The two-year Veterinary Technology Associate of Applied Science degree provides the graduate with information, skills and experience he/she will need to follow a fulfilling career in a veterinary hospital, a zoological garden, industry, a medical research laboratory, a governmental regulatory program or the Veterinary Medical Corp.
Gaining its accredited status in 1990, today the veterinary technology program boasts an overall 99.98 percent passing rate on the State and National Board Examination. This success rate is unparalleled in the State of Texas and is rated as one of the highest passage percentages of the 218 plus programs accredited by the American Veterinary Medical Association.
Because the veterinary technology program maintains full accreditation by the American Veterinary Medical Association, students are eligible to take all State and National Board examinations for Veterinary Technicians, as well as work in all areas of animal health care. An individual spends time in laboratories working with cows, dogs, cats, horses, pigs, sheep, goats, small mammals, birds and reptiles, even the more traditional laboratory animals like mice and rabbits. Upon graduation, the student is free to pursue any type of animal care situation they so desire.
Job opportunities for Licensed Veterinary Technician graduates have never been better. The job market for veterinary technology graduates continues to grow. The U.S. Bureau of Labor Statistics predicts that 25,000 veterinary technology jobs will be added in the U.S. between 2012 and 2022, representing a 30 percent industry growth - well above the norm of 11 percent.
The general education core will transfer to a variety of colleges and universities. The entire 60 hours of credit in the veterinary technology program will transfer to some traditional four year colleges so students may pursue a four year baccalaureate degree in either veterinary technology, animal science or agricultural business. Contact an advisor or faculty member at any of the colleges for specific information and to obtain the recommended sequencing of courses.
Any student anticipating entrance into the veterinary technology program should ensure that remediation is not required after admission examinations are completed and have been reviewed. If admission examinations indicate the student is in need of remediation in math, writing or reading, the student must successfully complete those requirements before applying for entry into the veterinary technology program.
Students should submit a Lone Star College application along with current (official) college transcripts to the admissions department at LSC-Tomball. After visiting with an advisor, the student should submit a separate application to the veterinary technology program with duplicate of college transcript. Note: the application to the veterinary technology program should be co-signed by a LSC-Tomball advisor during the student’s visit in the admissions department. Go to LoneStar.edu/veterinary-technology-dept-Tomball for the veterinary technology admissions application or contact Joyce Brod, LVT at 281-357-3714 or email@example.com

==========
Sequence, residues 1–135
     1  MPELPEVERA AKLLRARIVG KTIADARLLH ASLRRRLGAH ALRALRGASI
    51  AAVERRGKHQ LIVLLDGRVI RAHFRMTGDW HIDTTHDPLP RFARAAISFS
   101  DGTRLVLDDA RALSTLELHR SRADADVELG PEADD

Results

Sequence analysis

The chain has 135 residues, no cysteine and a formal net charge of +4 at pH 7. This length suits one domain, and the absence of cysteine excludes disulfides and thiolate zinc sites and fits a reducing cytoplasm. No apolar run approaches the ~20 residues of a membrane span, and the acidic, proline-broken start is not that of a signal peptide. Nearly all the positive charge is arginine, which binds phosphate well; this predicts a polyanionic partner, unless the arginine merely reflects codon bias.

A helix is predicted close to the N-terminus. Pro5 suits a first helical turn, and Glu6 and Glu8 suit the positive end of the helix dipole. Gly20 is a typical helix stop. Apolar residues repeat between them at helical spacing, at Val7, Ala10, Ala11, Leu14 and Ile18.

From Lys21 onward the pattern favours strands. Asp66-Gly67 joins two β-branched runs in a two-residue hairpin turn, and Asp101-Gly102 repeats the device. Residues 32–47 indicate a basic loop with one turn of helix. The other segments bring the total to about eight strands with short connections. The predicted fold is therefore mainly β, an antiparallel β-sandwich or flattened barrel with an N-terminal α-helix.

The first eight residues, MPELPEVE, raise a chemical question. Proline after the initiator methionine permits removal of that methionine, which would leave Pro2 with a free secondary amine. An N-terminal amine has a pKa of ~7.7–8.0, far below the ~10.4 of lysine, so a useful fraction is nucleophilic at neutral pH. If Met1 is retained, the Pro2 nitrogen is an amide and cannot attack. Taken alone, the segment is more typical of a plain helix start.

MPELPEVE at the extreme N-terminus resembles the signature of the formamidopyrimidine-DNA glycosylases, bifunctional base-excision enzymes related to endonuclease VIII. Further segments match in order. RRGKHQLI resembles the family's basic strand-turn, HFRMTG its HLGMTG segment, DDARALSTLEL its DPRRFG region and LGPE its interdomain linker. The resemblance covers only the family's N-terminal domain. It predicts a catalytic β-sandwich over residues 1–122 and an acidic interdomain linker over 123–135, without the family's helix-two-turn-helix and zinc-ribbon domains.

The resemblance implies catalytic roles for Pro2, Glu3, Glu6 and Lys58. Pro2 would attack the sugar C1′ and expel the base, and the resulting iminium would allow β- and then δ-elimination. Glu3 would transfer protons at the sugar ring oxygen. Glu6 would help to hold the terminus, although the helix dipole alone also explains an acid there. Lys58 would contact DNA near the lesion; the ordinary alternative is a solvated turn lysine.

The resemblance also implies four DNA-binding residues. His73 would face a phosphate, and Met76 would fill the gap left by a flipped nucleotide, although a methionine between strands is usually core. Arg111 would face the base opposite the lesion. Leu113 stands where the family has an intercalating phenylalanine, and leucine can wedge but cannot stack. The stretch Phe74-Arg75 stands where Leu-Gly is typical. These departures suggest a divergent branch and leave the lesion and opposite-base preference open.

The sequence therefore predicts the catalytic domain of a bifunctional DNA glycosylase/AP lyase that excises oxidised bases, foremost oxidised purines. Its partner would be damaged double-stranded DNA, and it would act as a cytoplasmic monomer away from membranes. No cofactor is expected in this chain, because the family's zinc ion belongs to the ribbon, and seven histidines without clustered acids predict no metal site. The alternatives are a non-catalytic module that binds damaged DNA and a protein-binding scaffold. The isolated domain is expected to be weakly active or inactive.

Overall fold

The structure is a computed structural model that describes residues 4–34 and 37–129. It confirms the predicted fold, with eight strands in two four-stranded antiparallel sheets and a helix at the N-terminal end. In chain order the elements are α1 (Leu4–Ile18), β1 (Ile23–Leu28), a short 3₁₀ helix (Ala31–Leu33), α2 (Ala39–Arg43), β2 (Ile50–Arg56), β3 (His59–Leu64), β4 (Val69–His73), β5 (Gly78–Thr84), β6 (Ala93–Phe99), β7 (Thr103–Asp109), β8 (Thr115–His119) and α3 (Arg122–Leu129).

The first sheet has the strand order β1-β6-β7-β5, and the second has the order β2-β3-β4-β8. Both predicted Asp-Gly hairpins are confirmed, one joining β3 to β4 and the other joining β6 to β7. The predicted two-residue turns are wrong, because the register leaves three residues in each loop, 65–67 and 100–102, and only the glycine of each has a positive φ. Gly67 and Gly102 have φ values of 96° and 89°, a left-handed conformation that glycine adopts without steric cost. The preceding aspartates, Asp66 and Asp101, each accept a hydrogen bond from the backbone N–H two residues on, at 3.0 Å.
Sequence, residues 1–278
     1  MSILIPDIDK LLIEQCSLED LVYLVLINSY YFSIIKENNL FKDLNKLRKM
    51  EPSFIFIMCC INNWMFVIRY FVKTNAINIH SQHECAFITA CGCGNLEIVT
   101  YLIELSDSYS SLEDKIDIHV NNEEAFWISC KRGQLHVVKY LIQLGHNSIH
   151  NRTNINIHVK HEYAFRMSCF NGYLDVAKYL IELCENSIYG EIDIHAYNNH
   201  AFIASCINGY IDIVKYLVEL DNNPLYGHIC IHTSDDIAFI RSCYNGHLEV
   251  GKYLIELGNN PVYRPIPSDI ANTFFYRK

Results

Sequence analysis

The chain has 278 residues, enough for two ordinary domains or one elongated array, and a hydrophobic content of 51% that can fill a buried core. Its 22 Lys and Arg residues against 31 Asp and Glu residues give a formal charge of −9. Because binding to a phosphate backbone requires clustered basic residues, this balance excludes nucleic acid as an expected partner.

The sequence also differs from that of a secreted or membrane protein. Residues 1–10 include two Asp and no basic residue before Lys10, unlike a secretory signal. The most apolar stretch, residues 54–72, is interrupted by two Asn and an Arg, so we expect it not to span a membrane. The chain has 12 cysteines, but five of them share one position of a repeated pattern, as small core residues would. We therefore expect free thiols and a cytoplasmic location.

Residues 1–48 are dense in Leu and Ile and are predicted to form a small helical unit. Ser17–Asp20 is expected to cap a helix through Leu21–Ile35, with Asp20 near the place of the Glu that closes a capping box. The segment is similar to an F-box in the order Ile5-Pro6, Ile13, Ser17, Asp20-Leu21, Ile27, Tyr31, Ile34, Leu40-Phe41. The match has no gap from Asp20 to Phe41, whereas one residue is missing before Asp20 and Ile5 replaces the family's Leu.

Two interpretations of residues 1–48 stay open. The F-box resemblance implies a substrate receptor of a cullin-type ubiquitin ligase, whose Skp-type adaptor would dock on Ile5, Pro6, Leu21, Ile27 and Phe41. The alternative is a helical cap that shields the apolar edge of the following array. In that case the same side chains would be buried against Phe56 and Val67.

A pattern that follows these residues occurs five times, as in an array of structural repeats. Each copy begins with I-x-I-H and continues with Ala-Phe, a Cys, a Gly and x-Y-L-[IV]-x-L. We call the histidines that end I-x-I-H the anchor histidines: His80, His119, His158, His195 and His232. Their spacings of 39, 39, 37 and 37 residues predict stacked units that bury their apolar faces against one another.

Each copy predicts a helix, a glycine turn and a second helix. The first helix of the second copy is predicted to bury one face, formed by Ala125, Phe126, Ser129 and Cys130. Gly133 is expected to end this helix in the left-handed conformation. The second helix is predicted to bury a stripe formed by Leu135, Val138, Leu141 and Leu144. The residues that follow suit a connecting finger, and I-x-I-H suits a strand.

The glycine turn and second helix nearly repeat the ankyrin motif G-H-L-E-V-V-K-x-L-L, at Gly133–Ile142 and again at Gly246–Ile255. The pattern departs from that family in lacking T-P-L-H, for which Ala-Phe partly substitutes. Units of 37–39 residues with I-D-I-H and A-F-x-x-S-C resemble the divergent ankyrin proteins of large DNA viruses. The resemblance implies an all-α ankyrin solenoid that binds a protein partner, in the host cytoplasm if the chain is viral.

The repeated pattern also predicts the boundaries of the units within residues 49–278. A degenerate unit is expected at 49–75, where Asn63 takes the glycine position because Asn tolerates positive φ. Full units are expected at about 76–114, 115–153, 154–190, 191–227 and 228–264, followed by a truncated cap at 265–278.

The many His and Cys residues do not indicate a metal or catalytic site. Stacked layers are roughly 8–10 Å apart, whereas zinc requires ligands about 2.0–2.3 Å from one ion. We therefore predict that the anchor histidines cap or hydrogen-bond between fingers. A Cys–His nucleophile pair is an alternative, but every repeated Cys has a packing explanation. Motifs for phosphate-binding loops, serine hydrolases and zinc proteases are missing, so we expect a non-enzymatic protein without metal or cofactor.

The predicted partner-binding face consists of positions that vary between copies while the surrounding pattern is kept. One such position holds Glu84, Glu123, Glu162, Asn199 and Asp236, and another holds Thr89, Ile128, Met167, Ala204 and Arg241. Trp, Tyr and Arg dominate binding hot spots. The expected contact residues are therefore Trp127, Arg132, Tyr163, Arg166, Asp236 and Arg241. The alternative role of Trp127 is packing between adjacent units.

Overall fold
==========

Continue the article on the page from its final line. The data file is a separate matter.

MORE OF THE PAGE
BIOL 1406 (biology with biochemistry) and MATH 1314 - College Algebra , if completed the grade must be a C or better and the course must have been taken within the last five years.
Applicants for the Certificate program must meet the same admission criteria as for the AAS degree and complete the same application process.
Program applications are reviewed and evaluated for fall admission on June 1 of each year based on the following criteria:
A. 1. Degree holder
2. Completion of all non-vettech courses/GPA
3. Completion of a portion of non-vettech courses/GPA
4. No college courses complete or a high school graduate
All applicants will be notified by June 15 of their status. Students may be notified by letter, e-mail or phone. It is the responsibility of the applicant to ensure all personal information on the application is current.
When admitted to the veterinary technology program, the student should ensure that non-veterinary technology courses (math, English, etc.) are never scheduled between 7:30 a.m. and 8:50 a.m. Monday through Friday and from 8:00-9:00 am Saturday and Sunday. This time is reserved for all animal clinical laboratories at LSC-Tomball.
The veterinary technology program will have an information session at the end of June each year. Students that have received admission notifications are required to attend this mandatory meeting. Important information on rules and program requirements will be covered in detail by the program faculty and staff, and questions will be welcomed.
Students receiving admission to the program should be aware that books and other supplies are required for every class along with special clothing for all clinical laboratories. Externships and field trips while enrolled in the program will also incur additional costs due to travel. Students should expect to purchase all clothing supplies at the beginning of their first fall semester and all classroom supplies should be purchased during the first week of each VTHT class.
There are no specific progression requirements for the veterinary technology program. However, VTHT 1245 , VTHT 2223 , VTHT 2331 , VTHT 1441 , VTHT 1140 and VTHT 2360 should be completed within one calendar year prior to graduation. VTHT 2360 is offered more than once yearly. All other VTHT courses are only offered in the semester indicated in the AAS outline.
Students in veterinary technology at LSC are considered eligible to sit for the State (LVTE) and National (VTNE) Veterinary Technology Board Examinations when they have completed all required coursework and have received their AAS degree in veterinary technology from LSC-Tomball.
Contact Joyce E. Brod, LVT at 281.357.3714 or joyce.e.brod@LoneStar.edu for more information or view the website for more information: Tomball.LoneStar.edu/vettech